I think that had the film been at least visually arresting, I could have let it slide. The fact that it's slow isn't enough for me to dislike a film. I love slow films. In fact, they're some of my favorites. But if they're going to be slow, or more precisely....boring, then they need to at least be interesting on a visual level. And this film is not, which made the experience all the more torturous and tedious to the nth degree. We all know that nothing happens in a Kubrick film unless he specifically wants it that way. He's one of the only filmmakers to have total control over every aspect of his films. Or maybe he's the only one? So I have to wonder just what he had in mind and what he was thinking with this film, because while it does carry a lot of very specific Kubrick elements, it's still comes off as very un-Kubrick in many ways.
Another gripe I have that I just can't shake off is how we as the viewer are not given a lot of information. There are a lot of unanswered questions. For example, the secret society. I don't necessarily need to have everything spelled out for me, but "some" information on this whole thing would have been nice. Even after the film is over, all we know is that it's a very secret society that likes to host orgy's while masked and cloaked. We are told that they are very important and prominent figures in New York society, but that's about all the info we ever get. What's frustrating to me is that this secret society plays a huge role in the film, yet we don't know anything about them. I won't bore you with my many questions, but a few of them are: What is their purpose? Why do they resort to murder to keep their secret if they're just orgy's?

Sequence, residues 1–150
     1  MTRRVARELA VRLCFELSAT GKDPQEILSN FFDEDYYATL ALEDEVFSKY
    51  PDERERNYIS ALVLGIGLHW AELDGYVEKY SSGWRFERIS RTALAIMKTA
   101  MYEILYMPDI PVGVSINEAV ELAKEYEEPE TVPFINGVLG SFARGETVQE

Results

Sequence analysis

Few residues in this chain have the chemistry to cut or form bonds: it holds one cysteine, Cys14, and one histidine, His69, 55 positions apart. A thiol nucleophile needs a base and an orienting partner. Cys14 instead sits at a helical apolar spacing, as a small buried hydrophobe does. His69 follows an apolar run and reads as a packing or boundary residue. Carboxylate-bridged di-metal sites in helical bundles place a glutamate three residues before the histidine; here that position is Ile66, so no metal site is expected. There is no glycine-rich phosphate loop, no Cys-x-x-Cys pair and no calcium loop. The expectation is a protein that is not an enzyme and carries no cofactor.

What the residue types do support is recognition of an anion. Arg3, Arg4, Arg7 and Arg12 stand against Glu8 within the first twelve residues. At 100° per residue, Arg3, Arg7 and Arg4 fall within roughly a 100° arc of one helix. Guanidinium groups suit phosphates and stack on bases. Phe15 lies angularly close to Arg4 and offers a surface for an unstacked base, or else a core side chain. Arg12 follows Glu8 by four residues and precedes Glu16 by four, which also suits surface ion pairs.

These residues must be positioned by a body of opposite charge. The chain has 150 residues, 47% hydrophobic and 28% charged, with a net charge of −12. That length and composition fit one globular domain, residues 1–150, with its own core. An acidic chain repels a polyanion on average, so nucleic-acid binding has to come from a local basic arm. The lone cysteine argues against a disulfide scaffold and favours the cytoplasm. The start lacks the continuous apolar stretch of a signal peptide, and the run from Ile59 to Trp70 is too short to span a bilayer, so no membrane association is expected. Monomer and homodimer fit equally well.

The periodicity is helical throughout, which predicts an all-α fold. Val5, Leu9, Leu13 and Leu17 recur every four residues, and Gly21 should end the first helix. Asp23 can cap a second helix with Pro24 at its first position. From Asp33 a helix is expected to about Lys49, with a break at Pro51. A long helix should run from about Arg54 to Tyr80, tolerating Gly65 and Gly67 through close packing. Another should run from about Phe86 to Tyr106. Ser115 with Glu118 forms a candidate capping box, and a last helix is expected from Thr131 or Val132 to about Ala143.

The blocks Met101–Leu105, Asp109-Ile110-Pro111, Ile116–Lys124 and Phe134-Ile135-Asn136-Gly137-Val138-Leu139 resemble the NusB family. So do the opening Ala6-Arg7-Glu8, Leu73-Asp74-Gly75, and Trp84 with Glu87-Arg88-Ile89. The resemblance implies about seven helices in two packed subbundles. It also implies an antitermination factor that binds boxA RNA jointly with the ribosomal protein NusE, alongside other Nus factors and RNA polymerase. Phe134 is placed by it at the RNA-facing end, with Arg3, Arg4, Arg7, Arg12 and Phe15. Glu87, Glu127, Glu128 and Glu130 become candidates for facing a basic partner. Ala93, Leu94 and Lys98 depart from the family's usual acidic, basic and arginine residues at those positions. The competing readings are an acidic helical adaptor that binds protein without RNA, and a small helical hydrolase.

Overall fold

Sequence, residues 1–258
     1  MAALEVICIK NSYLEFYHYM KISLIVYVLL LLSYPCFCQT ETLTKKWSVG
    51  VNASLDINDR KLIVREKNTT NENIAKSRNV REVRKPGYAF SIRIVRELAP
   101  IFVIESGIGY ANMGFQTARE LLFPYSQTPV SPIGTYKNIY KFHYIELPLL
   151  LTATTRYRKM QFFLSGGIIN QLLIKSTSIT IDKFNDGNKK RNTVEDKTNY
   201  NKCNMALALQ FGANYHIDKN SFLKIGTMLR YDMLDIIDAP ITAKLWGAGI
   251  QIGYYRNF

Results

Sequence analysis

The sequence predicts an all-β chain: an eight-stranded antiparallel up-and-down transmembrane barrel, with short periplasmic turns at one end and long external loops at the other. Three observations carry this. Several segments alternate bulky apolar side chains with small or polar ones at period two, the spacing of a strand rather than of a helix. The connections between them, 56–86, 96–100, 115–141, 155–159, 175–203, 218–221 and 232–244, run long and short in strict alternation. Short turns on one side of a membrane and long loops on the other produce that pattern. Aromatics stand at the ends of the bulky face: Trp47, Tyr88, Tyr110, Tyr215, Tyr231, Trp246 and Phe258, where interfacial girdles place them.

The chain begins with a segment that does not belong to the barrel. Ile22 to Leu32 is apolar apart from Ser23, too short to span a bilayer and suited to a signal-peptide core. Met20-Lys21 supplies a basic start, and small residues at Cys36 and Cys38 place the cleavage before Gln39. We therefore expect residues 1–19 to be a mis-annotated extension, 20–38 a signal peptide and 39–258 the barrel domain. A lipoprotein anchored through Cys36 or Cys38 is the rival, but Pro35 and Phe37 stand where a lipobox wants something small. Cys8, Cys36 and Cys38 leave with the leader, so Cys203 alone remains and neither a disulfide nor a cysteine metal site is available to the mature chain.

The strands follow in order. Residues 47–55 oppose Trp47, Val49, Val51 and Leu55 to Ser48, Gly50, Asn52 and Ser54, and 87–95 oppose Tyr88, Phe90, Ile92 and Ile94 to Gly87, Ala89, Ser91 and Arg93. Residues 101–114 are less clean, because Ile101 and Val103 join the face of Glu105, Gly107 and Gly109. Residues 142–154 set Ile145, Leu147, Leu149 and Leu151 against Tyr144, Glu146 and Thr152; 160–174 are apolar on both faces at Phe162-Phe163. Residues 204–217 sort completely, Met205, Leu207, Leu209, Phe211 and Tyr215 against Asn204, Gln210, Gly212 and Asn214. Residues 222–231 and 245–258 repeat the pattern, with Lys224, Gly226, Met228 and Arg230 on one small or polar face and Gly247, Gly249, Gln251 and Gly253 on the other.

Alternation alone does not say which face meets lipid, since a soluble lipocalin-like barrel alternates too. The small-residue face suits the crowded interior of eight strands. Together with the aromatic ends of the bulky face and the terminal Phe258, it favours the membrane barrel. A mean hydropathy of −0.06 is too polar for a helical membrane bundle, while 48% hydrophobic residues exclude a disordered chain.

I guess the word that best describes my experience with this film is tedious. There are moments when I think hard about it and I want to call it pretentious, but that just wouldn't be fair to Stanley Kubrick. At least to me. It makes me sad that he ended his career with this film, instead of going out on a high note. As I watched the film, I couldn't help but feel that there was so much fat that could have been trimmed out to help move it along a little smoother. I constantly found myself staring at the running clock on my blu ray player since I knew it was 2 hours and 39 minutes, I wanted to see how much more I had to endure before it was over. That's never a good sign.